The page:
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Increase in women of color experiencing homelessness


An expanding demographic

The homelessness crisis in L.A. has increased at an exponential rate between the years 2015-2022, with numbers going from 13,544 to 20,724, a 53% percent increase. Los Angeles County has been the face of homelessness in the nation as it is one of the highest counties in homelessness ranking. Funds and programs aimed to lower homelessness this issue for the city, but the impact has been minimal because of overflow.  

One demographic frequently experiencing this hardship is women of color. The number of women experiencing homelessness as individuals also increased, reaching 14,403 in 2022, or 69% of all women experiencing homelessness in the county. 

According to a study done by, Among the 72% of women experiencing homelessness as individuals in Los Angeles are women of color, Latino and Black women comprise the majority (39% and 27%, respectively). Black women are  dramatically overrepresented. The share of women experiencing homelessness as individuals who are Black is three times this demographic’s share of the county population (27% versus 7.9%).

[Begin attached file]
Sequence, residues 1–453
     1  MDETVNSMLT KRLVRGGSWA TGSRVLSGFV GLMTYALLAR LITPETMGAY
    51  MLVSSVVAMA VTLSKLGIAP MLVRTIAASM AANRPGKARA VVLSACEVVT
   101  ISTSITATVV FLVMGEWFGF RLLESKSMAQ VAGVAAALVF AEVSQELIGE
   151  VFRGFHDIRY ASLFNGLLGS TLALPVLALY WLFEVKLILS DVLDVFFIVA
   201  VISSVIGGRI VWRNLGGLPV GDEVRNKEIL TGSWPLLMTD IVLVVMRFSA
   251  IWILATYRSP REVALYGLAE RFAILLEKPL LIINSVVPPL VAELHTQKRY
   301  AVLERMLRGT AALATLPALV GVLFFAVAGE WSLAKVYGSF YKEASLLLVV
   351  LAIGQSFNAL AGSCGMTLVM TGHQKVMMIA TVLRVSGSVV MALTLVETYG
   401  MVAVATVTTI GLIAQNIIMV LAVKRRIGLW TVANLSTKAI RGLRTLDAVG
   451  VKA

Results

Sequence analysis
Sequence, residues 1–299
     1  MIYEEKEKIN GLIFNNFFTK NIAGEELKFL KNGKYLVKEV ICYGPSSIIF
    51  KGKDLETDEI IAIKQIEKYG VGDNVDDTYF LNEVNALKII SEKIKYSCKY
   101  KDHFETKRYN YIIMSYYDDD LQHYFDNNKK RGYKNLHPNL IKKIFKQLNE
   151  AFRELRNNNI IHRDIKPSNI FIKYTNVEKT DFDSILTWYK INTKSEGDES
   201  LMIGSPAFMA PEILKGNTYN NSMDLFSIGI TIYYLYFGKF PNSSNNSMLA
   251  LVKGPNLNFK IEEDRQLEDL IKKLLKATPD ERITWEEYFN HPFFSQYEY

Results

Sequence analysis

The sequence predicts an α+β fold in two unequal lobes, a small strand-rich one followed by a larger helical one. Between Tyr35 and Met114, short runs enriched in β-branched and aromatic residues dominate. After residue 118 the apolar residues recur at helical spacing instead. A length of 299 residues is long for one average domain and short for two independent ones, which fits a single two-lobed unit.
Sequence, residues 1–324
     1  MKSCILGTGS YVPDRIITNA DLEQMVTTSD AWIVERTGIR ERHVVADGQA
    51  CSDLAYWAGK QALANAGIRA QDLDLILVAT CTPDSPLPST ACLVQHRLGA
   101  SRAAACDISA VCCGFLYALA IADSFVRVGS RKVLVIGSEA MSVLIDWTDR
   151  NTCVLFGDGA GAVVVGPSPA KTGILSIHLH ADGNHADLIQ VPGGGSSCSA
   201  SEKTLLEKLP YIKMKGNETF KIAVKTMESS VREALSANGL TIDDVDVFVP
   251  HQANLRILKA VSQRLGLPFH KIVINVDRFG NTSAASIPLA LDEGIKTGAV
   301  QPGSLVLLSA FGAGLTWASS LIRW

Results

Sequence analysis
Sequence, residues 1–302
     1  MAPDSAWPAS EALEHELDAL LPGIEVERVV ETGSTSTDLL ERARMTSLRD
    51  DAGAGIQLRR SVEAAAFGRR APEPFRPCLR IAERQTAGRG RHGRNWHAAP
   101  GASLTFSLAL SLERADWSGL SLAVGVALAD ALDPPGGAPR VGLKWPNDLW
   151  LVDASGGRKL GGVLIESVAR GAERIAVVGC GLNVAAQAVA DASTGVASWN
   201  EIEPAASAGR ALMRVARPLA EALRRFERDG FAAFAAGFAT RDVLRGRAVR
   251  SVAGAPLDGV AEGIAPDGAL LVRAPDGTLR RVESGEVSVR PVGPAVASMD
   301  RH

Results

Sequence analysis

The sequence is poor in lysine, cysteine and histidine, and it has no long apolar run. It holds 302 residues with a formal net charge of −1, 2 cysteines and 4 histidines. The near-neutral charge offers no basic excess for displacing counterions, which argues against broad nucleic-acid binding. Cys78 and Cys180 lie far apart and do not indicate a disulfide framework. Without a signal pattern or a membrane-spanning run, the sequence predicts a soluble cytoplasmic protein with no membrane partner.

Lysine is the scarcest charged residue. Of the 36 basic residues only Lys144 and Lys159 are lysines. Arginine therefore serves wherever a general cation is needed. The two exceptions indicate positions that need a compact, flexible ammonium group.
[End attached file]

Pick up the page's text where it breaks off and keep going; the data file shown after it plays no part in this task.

Some of the issues causing the high rate of homelessness for Black women include: gender-based violence, domestic violence, dating violence, stalking, human trafficking, and sexual assault. Systematic racism plays a part in things as many black people experienced housing discrimination, redlining, high eviction rates, and racial and gender-based wealth gaps. Women of color face racial and ethnic disparities in poverty rates, educational attainment, housing discrimination, access to health care, and incarceration.

"Racism and sexism and homelessness is a big issue. You’re in a category that no one wants, you’re treated without any humanity,” according to the 2024 study “Women Homelessness in Los Angeles.”

Women also experience homelessness at a higher rate than men. On average, they endure homelessness ranging from two and a half to three and a half years. On average, these episodes spanned 1,285.5 days (about three years and six months) for Hispanic and Latina women and 1,079.5 days (about three years) for Black women. A problem for them is finding a stable and safe location to rest during the day or night, most utilizing parks, cars, vans, and public transportation. "What I have done and what other women I know have done, to stay safe on these streets, you have to sleep at a park where kids play with parents and stay up all night." Women experiencing homelessness in Los Angeles.

All homeless people want housing security, to feel safe, and to have privacy back in their lives. Among all women, the most common barrier to accessing and using shelter was safety concerns at 53.6%.